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Panel will discuss best ways to transform St. Paul’s Ford Plant site

Planning for how best to transform the 150-acre Ford Plant site in St. Paul’s Highland Park neighborhood will be part of a week-long placemaking residency May 5-9.

Planning expert Gil Penalosa will be featured during many events throughout the week, and the public is invited to a May 7 panel discussion on how placemaking can be used in redeveloping the Ford site.

Gil Penalosa is executive director of Toronto’s 8-80 Cities and the well-known former commissioner of Parks, Sport and Recreation in Bogotá, Colombia.

The 8-80 model looks at ways to make a community good for an 8-year-old and an 80-year-old. The weeklong series of events is designed to see how the model can be implemented in the Twin Cities.

Penalosa will open the May 7 event at the University of St. Catherine’s Recital Hall — from 6:30 p.m. to 8:30 p.m. — with an overview of his experiences, followed by panelists’ comments on the Ford site and other large developments. Discussion with the audience will follow.

The panelists are Colleen Carey, The Cornerstone Group president; Jon Commers, Metropolitan Council member, District 14; Tom Fisher, University of Minnesota College of Design professor and dean; Shawntera Hardy, Fresh Energy director of Transportation and Built Environment, and Jessica Treat, Saint Paul Smart Trips executive director.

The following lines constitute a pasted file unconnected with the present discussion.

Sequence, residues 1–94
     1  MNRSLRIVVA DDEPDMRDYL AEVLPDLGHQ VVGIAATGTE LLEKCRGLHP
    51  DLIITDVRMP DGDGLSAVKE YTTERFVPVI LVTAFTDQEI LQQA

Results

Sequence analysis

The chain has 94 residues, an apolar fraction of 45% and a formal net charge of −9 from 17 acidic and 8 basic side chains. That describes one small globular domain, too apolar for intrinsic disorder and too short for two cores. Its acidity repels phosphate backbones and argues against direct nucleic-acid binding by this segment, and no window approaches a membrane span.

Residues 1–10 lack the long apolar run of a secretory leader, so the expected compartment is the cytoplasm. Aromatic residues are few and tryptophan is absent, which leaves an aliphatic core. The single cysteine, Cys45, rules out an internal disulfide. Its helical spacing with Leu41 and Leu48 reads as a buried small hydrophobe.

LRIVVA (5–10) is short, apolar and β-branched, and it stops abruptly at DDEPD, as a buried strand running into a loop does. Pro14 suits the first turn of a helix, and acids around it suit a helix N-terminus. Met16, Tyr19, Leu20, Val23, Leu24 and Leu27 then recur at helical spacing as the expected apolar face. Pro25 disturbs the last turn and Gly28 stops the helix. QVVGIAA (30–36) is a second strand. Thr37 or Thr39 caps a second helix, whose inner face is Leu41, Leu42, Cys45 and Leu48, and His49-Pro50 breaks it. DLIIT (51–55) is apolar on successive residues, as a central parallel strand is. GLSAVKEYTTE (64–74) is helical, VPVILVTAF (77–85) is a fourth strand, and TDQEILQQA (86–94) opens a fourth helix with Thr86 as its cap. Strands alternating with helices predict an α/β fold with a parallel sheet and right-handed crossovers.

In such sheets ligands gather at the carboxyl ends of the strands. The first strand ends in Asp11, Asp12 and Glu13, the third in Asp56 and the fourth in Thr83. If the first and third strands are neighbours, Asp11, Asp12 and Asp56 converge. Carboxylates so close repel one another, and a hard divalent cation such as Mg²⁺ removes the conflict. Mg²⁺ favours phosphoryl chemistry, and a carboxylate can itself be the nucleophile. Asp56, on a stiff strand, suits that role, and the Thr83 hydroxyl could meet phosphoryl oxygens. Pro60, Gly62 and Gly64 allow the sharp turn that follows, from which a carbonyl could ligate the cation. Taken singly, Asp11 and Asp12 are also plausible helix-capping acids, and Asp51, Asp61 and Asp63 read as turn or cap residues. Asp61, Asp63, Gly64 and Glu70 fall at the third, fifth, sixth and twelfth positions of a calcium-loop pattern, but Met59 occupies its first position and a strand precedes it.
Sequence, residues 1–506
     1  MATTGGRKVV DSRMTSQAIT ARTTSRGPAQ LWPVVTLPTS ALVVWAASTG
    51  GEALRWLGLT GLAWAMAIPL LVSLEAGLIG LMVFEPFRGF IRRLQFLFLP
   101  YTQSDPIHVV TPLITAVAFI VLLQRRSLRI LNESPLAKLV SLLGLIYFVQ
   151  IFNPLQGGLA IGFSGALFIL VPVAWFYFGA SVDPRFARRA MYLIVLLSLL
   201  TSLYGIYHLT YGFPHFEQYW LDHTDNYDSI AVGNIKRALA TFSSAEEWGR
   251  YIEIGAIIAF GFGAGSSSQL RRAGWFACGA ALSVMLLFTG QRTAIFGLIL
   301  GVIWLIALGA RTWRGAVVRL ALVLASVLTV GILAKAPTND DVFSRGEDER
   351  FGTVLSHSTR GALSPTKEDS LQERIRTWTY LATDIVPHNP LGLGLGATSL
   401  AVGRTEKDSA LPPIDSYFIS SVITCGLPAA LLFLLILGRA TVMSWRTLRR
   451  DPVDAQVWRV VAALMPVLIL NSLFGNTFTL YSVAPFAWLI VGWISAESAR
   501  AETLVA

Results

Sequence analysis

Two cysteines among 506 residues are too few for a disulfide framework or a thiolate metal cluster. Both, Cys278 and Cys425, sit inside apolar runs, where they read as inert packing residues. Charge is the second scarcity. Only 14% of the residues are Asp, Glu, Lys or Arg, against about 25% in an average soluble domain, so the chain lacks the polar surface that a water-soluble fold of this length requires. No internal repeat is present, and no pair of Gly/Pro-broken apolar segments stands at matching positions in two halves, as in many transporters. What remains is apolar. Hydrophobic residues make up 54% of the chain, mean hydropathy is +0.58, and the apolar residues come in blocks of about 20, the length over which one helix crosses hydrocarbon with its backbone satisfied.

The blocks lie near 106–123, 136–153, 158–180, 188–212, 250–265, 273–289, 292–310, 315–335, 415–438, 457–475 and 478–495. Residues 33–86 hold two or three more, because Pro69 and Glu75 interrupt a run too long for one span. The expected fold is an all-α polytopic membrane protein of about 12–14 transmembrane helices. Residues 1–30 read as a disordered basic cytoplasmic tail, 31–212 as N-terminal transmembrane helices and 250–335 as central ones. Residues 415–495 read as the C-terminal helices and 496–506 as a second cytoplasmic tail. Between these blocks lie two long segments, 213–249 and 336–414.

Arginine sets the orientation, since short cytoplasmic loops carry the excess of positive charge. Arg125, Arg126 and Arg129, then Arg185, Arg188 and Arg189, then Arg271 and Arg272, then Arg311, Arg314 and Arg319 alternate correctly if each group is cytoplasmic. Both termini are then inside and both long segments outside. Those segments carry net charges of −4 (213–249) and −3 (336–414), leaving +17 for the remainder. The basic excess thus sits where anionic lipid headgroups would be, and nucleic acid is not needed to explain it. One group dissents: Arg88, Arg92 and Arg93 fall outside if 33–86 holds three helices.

The types of topics they’ll likely cover:

  • How are 21st century communities embracing bikeways, pedestrian-ways and open space to improve liveability, spur economic development, address social equity, and reduce auto dependence?
  • How can these principles shape redevelopment of the Ford site as a high-quality neighborhood for residents, employees and visitors of all ages?
  • What’s the applicability to other large sites in the region, such as the Twin Cities Army Ammunition Plant or West Side Flats?

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